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Latin America and The Caribbean


GDP in Latin America and the Caribbean grew 3 percent in 2012. Growth is expected to remain robust, at 3.5 percent, as strong domestic demand compensates for weak global economic conditions.

Steady growth and sound economic policies improved the lives of millions in the region over the past decade, with more than 70 million people lifted out of poverty and 50 million joining the ranks of the middle class between 2003 and 2011. For the first time ever, the number of people belonging to the middle class surpassed the number of poor, a sign that Latin America and the Caribbean is progressing toward becoming a middle-class region.

 Countries eligible for World Bank borrowing (as of June 30, 2013)

 Regional commitments and disbursements for fiscal 2011, 2012, and 2013

 Results highlights

 IBRD and IDA lending by sector for fiscal 2013

 IBRD and IDA lending by theme for fiscal 2013

 Regional snapshot and progress toward MDGs

World Bank assistance

The Bank approved $5.2 billion for 41 projects this fiscal year. Support included $435 million from IDA and $4.8 billion in IBRD commitments. The leading sectors were Public Administration, Law, and Justice ($2.1 billion); Health and Other Social Services ($891 million); and Transportation ($694 million). The Bank’s focus is on improving opportunities for the bottom 40 percent of the population by ensuring them better access to basic services, including education and health, without neglecting environmental sustainability in the region.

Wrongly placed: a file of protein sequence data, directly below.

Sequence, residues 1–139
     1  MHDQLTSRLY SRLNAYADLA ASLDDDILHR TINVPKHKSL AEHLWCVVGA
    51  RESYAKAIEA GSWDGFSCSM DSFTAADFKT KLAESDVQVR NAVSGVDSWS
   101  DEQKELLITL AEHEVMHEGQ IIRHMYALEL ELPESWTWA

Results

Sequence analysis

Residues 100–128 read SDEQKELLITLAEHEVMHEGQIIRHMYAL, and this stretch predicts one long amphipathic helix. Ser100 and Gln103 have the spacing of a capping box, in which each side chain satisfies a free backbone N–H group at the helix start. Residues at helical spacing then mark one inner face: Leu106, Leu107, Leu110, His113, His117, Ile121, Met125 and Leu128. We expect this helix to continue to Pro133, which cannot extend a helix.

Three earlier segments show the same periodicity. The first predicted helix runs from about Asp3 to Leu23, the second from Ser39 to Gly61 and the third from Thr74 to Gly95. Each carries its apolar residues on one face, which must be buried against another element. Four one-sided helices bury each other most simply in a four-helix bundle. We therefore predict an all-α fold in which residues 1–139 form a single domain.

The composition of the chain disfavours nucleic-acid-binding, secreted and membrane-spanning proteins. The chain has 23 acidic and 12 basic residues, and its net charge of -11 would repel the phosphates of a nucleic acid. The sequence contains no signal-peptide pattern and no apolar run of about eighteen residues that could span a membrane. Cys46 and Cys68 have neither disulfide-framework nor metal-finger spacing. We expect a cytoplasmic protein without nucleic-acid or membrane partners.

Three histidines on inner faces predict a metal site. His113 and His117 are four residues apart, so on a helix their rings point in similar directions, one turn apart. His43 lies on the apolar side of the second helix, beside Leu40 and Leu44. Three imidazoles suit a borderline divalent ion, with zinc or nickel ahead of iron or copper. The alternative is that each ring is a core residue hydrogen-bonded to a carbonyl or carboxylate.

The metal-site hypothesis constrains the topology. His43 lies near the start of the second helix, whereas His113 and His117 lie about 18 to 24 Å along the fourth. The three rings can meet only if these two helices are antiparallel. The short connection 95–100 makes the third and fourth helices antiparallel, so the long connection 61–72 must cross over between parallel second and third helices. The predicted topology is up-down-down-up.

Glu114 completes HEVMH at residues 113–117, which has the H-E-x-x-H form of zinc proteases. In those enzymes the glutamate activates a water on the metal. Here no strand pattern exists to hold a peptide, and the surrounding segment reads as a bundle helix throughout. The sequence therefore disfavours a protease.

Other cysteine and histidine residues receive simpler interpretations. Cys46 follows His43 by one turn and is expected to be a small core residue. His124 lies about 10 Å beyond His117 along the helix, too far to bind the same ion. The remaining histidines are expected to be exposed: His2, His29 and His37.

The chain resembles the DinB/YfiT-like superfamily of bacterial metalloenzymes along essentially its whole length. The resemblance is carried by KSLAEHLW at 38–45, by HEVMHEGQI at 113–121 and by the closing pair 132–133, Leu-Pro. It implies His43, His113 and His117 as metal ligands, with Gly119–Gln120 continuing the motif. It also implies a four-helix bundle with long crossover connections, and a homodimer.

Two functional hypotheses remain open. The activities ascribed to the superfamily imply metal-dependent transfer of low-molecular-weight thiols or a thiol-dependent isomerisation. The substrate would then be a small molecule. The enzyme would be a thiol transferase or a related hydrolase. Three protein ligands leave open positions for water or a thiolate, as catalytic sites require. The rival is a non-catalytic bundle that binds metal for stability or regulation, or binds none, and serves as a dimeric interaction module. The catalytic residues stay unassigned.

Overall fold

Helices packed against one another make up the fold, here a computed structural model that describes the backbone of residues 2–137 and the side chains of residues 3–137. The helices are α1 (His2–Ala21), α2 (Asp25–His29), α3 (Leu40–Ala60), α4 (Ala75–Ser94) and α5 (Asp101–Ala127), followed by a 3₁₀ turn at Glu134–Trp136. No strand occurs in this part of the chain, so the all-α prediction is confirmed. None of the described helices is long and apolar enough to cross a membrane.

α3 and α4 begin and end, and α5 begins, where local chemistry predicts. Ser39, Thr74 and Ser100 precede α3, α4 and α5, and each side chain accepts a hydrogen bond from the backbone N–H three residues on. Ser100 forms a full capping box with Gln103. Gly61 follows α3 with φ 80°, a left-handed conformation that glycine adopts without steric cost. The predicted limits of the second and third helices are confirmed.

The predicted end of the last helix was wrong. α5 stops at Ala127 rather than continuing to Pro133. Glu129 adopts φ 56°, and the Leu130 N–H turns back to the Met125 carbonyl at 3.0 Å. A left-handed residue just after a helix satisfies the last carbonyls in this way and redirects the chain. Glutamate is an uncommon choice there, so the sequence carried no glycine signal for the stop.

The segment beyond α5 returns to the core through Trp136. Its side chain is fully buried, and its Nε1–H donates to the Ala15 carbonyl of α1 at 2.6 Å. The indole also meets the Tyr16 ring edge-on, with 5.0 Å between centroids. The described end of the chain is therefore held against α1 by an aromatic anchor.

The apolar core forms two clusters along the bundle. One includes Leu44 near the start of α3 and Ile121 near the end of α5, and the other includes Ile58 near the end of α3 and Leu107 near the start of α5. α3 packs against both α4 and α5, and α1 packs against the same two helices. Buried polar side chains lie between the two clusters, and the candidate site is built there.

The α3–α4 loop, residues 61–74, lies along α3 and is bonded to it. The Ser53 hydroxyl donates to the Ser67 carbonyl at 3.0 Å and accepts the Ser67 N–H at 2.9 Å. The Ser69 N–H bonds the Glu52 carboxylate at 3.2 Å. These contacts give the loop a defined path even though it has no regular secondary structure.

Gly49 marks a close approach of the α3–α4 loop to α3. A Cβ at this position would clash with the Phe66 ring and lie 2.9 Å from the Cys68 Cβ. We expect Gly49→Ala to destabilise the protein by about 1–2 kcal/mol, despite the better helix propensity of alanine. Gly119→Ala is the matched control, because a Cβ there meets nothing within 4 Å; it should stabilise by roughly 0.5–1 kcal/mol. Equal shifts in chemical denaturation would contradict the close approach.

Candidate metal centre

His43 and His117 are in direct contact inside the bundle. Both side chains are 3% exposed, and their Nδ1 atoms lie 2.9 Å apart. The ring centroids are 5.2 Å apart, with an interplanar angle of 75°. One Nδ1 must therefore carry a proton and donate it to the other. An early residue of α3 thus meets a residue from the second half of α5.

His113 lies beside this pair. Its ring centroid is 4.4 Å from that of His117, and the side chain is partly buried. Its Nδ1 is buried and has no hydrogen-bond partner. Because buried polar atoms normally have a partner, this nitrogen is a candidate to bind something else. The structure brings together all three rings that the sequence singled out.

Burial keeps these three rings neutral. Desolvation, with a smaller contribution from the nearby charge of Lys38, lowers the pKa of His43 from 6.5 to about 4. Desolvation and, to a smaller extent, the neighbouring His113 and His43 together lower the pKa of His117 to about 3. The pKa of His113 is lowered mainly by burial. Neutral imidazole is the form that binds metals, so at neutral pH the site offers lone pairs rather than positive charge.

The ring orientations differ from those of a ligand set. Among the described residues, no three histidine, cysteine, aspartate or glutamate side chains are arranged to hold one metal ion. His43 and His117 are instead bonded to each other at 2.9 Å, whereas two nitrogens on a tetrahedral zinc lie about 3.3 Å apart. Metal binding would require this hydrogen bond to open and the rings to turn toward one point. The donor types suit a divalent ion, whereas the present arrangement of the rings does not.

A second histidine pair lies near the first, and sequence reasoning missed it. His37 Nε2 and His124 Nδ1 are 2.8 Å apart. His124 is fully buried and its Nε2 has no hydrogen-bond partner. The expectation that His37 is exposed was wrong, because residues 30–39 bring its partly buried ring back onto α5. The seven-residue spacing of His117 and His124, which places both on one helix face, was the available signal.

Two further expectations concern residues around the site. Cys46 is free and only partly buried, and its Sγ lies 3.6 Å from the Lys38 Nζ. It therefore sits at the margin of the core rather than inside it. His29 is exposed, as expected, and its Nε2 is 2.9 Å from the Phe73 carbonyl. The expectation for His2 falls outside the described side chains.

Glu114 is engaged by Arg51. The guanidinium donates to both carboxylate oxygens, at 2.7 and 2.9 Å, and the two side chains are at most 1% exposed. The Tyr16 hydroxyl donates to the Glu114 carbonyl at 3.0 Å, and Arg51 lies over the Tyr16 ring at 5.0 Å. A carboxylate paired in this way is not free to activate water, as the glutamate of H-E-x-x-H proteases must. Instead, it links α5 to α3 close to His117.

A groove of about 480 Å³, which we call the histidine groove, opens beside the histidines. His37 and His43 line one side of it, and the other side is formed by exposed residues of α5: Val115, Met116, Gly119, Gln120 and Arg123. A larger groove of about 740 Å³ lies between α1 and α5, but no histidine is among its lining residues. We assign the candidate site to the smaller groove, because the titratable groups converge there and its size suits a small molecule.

In line with the World Bank’s overall strategy to reduce poverty and promote shared prosperity, its work in the region will continue to address the five core areas that follow.

Promoting shared prosperity

Despite the impressive gains of the past decade, the region remains unequal, with some 82 million people living on less than $2.50 per day. Creating opportunities for the vulnerable is at the top of the Bank’s regional agenda. Another priority is to carve out a greater economic role for women. More than 70 million women joined the labor market in the past decade, but income disparities and balancing work and family life still remain large issues.

Boosting growth and productivity

The region’s extraordinary recent growth and its ability to weather the global recession contrast with outcomes in other regions, including developed countries. However, to move forward, productivity will need to improve. The educational system does not meet global standards, infrastructure is outdated, and logistics costs are high. Throughout Central America, expanding trade integration and logistics is a priority. It is essential, for example, to unclog the bottlenecks associated with transport, customs clearance, and rural roads, which make it 10 times more expensive to ship tomatoes from Costa Rica to Nicaragua than to California.

Building more efficient states